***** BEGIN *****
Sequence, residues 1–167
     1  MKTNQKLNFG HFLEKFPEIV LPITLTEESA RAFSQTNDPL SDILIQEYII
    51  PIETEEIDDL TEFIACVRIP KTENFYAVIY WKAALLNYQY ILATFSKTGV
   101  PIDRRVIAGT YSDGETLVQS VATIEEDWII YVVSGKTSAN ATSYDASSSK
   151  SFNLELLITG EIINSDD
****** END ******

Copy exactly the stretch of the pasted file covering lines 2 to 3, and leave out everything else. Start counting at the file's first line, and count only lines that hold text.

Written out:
     1  MKTNQKLNFG HFLEKFPEIV LPITLTEESA RAFSQTNDPL SDILIQEYII
    51  PIETEEIDDL TEFIACVRIP KTENFYAVIY WKAALLNYQY ILATFSKTGV